Jeremy Hammond, Anonymous Hacker, Pleads Guilty To Stratfor Attack

A member of the hacker group Anonymous who considers himself an "electronic Robin Hood" pleaded guilty Tuesday to hacking a private intelligence firm and several websites, stealing e-mails and credit card data belonging to nearly 1 million people.

Jeremy Hammond, 28, admitted to helping with a December 2011 attack that breached the computer network of Stratfor Global Intelligence Service, or Stratfor, a Texas-based company that provides geopolitical analysis for clients including government agencies. He also pleaded guilty to hacking several websites, including the Arizona Department of Public Safety, the Boston Police Patrolmen's Association, the FBI's Virtual Academy and the sheriff's office in Jefferson County, Ala.

He faced a total more than 30 years in prison before choosing a plea deal, and now faces up to a decade in prison when he is sentenced on Sept. 6.

"Now that I have pleaded guilty, it is a relief to be able to say that I did work with Anonymous to hack Stratfor, among other websites," Hammond said in a statement Tuesday.

Hammond claims he was an activist fighting for greater transparency.

"I did this because I believe people have a right to know what governments and corporations are doing behind closed doors," he said in his statement on Tuesday. "I did what I believe is right."

But federal prosecutors have painted a different picture.

“While he billed himself as fighting for an anarchist cause, in reality, Jeremy Hammond caused personal and financial chaos for individuals whose identities and money he took and for companies whose businesses he decided he didn’t like," Manhattan U.S. Attorney Preet Bharara said in a statement. "He was nothing more than a repeat offender cybercriminal who thought that because of his computer savvy he was above the law that binds and protects all of us."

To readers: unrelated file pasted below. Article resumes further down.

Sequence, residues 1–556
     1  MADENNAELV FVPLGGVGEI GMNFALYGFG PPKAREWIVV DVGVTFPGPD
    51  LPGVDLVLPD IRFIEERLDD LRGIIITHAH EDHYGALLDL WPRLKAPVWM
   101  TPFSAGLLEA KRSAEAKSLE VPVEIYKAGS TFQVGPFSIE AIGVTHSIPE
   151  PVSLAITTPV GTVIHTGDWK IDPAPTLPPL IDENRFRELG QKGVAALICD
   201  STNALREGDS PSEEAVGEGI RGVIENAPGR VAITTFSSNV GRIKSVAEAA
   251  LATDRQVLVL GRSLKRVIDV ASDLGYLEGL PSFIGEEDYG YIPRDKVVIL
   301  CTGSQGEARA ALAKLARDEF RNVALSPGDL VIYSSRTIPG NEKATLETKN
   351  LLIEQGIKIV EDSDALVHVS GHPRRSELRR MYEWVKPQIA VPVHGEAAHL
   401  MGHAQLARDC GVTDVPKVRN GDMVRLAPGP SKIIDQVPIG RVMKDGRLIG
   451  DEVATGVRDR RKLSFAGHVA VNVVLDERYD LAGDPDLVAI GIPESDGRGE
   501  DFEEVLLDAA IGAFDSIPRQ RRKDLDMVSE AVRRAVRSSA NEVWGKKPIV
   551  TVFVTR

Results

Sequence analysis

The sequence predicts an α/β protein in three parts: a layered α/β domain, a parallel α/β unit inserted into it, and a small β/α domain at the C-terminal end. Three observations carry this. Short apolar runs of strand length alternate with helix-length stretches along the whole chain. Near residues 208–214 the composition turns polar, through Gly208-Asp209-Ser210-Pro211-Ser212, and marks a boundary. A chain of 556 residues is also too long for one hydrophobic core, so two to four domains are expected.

During the Stratfor attack, Hammond and other hackers, who were part of an offshoot of Anonymous known as Antisec, found e-mail correspondence, financial and personal data -- including 60,000 credit card numbers -- belonging to 860,000 clients.

Some of the private messages were later published by the whistleblowing website WikiLeaks and allegedly revealed how the federal government had been monitoring the Occupy Wall Street movement.

The hackers also made at least $700,000 in fraudulent purchases using Stratfor's clients' credit cards, according to an indictment filed last year by prosecutors.

Hammond -- who went by the online nicknames "Anarchaos" and "sup_g" -- was arrested last year after he confided online with Hector Xavier Monsegur, a hacker know as "Sabu" who was working as an FBI informant at the time.

On Tuesday, Hammond said he pleaded guilty because prosecutors said he would face charges in several jurisdictions and so "the process might have repeated indefinitely." He said his plea agreement "frees me to tell the world what I did and why."

Before his arrest last year, Hammond, of Chicago, served two years in prison for hacking a conservative political group's server and stealing 5,000 credit card numbers.

He has spent 15 months in prison on the Stratfor charges. During that time, he claims he has been held in solitary confinement and denied visits and phone calls with family and friends.

In response to Hammond's guilty plea, a Twitter account belonging to Anonymous wrote on Tuesday that "Hammond couldn't stand to live in a country that served companies who profited off of spying on the citizenry."

"He's a true patriot," the tweet said.

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